Healthcare information technology (HIT) holds great promise towards improving healthcare quality, safety and costs ... however, this potential has been largely unrealized. Significant factors impeding HIT achievement have been false assumptions concerning the challenges presented by this still-experimental technology, and underestimations of the expertise essential to achieve the potential benefits of HIT. This often results inclinician-unfriendly HIT design, and HIT leaders and stakeholders operating outside (often far outside) the boundaries of their professional competencies. Until these issues are acknowledged and corrected, HIT efforts will unnecessarily over-utilize precious healthcare resources, will be unlikely to achieve claimed benefits for many years to come, and may actually cause harm.

Once again, you heard it here first.

I also reiterate, our own "National Program for Health IT in the HHS" needs the same treatment that Prof. Patrick recommends for his own state of NSW, as at my Mar. 8, 2011 post "
The Future Pathways for e-Health in NSW."

-- SS


Anonymous said...

Health IT is dismal for patients in the US. It is a money maker for the industry vendors. Cerner was issued a "buy" with an outrageously high price target today. Something does not fit.

Scot M Silverstein MD said...

Something does not fit.

The Australian study is being ignored as it does not fit the health IT "narrative."

This will have future implications, probably of the legal variety. "Knew, or should have known..."

-- SS

Moshe Sharon said...

We used to say the two biggest lies are “The check is in the mail” and “It won’t hurt a bit.” Now, there is a third biggest lie, which is, “We have the best health care system in the world,” as Bill Clinton and George Bush uttered repeatedly during their respective terms. On the other hand, all of the standard measures of health care quality points to ours as being “the best substandard price-gouging health care system in the world”. We need to find out what's really wrong and why no one wants to fix it. Http://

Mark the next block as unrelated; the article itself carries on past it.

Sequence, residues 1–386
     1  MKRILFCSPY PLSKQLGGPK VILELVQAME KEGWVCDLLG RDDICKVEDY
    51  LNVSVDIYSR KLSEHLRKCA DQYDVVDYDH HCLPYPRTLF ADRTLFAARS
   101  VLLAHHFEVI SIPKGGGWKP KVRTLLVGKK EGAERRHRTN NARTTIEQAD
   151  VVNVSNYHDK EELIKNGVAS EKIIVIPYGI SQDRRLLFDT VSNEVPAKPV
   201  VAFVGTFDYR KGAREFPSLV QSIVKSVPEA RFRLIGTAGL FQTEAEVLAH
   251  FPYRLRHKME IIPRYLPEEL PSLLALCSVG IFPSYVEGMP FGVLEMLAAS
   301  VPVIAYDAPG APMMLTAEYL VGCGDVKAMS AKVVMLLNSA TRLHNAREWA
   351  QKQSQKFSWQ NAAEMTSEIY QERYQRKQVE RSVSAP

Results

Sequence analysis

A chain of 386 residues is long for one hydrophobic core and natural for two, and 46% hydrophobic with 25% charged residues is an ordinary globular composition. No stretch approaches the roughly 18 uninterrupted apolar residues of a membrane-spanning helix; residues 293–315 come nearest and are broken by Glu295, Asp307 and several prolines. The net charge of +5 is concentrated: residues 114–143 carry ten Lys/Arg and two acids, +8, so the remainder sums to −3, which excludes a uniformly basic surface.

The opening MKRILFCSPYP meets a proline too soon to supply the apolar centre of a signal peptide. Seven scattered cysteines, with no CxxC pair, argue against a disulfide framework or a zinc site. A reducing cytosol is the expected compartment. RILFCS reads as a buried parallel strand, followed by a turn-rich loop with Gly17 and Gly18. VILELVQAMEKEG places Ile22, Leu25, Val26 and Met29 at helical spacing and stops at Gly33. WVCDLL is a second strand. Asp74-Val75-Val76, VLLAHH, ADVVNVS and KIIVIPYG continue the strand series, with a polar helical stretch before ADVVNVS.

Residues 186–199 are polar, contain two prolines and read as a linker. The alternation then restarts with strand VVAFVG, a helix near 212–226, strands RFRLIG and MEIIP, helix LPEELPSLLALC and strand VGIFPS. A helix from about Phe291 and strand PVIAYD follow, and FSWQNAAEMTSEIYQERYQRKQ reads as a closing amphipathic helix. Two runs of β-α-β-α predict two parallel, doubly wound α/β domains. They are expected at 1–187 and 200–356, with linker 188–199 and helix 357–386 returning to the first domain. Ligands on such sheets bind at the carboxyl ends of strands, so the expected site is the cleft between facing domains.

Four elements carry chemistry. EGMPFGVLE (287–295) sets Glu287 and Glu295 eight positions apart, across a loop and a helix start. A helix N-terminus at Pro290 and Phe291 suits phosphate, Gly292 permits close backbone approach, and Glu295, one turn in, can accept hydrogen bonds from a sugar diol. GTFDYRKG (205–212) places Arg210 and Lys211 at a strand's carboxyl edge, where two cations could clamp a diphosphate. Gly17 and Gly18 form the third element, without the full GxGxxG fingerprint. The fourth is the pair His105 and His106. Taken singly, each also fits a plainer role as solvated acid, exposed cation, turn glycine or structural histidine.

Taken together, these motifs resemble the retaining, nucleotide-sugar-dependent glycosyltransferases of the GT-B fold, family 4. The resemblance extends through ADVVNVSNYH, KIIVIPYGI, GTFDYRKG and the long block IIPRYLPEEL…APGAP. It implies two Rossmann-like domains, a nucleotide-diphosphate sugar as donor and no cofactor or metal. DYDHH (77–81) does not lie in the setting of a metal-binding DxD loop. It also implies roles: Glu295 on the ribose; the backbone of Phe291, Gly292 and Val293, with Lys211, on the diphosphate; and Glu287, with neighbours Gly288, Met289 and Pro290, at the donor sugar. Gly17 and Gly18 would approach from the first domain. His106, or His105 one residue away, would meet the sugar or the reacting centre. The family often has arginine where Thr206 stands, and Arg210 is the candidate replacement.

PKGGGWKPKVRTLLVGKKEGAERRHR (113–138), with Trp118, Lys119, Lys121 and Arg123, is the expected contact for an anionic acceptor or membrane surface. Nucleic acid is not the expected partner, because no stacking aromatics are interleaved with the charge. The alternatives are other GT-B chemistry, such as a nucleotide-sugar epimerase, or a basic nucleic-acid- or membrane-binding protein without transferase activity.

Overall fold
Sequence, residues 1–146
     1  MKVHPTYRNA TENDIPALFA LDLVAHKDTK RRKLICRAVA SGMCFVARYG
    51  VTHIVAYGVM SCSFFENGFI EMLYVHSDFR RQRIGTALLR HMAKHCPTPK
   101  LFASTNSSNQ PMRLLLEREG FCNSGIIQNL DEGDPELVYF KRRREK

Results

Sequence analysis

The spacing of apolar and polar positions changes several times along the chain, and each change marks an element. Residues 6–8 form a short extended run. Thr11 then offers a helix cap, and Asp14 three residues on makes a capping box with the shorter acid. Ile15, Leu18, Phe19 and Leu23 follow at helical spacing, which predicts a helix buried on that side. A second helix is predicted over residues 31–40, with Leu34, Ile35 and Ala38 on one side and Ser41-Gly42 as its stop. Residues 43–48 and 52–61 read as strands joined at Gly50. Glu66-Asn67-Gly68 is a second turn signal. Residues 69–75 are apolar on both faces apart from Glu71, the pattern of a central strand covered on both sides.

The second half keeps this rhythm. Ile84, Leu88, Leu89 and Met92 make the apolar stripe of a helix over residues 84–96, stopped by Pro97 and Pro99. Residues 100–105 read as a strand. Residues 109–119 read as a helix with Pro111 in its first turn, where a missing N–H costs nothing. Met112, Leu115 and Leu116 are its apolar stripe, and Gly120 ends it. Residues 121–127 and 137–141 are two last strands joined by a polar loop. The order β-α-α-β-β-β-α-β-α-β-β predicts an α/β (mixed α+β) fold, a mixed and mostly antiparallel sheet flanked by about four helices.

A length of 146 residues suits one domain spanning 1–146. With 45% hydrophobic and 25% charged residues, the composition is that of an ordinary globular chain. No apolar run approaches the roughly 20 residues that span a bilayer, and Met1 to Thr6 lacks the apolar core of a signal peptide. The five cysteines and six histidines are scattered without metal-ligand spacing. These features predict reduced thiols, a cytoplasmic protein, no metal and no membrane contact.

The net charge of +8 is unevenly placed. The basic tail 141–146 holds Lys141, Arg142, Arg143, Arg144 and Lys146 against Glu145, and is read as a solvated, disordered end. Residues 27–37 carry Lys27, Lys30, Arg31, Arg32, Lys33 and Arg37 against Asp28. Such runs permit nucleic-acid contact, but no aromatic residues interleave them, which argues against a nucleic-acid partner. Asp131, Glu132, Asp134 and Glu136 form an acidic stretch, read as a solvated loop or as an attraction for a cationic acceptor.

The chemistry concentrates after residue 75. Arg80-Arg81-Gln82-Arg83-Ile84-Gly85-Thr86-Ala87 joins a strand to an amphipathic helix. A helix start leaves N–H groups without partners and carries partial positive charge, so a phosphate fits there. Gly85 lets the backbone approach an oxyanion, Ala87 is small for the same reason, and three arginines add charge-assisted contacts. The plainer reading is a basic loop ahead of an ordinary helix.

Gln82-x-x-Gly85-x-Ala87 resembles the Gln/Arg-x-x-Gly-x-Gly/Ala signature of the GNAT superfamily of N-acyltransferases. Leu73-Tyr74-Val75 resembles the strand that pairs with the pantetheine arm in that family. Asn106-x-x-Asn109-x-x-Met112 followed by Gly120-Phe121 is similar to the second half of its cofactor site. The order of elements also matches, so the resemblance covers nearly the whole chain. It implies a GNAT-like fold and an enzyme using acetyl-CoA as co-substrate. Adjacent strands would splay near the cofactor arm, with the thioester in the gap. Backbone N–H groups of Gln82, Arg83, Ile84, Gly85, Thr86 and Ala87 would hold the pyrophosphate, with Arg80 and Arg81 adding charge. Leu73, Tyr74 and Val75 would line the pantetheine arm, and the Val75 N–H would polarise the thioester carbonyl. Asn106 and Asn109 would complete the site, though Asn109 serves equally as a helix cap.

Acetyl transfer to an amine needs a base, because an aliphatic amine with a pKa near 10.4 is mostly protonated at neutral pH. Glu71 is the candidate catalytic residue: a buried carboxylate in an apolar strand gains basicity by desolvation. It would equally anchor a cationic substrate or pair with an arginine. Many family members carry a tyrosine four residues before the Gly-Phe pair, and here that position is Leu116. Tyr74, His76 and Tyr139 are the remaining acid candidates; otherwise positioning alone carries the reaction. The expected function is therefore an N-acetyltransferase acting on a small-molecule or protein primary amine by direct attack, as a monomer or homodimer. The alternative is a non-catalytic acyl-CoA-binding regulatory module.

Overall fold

Roy M. Poses MD said...

Moshe Sharon,

The "best health care system in the world meme" appears to have been invented by US health insurance company public relations people to try to forestall meaningful health care reform.

See Wendell Potter's Deadly Spin (p.1-2).

"But as one of the industry's top public relations executives and media spokesmen, I also helped create and perpetuate myths that had no other purpose but to sustain these [insurance] companies' extraordinarily high profitability."
"For example, if you are among those who believe that the United States has 'the best health care system in the world' despite overwhelming evidence to the contrary - it's because my fellow spinmeisters and I succeeded brilliantly at what we were paid very well to do with premium dollars."

Scot M Silverstein MD said...

We indeed do have the very best healthcare system in the world - if you have a medical advocate like me tracking your physicians' every move.

It saved my mother's life.

-- SS

Live IT or live with it said...

I also agree with Dr. Patrick's assessment. Part of the proof comes from looking at the opposite. It is quite obvious that any silo system implementation with a five year plan will result in an obsolete system. The benfits that justify the system are overwhelmed by the future cost of keeping a continuous huge system reimplementation department in place. Not to mention the periodic full system disruption of upgrading a single large system.

Yet every time an EHR is considered, there is no consideration for obsolescence after or even during the implementation project.

The EHR industry, which includes the workers as well as the vendors, are building themselves into an ever larger slice of what may be a reduced size pie.

Totally unsustainable. Ask any lawmaker or pundant though and they are unaware of this problem.

Oh well, live and learn I guess. Maybe Watson can figure it out.

Anonymous said...

Fourth biggest lie, uttered by hospital administrators after an HIT breakdown: "but patient care and safety was not affected".

Scot M Silverstein MD said...

but patient care and safety was not affected"

Miracle, no?

-- SS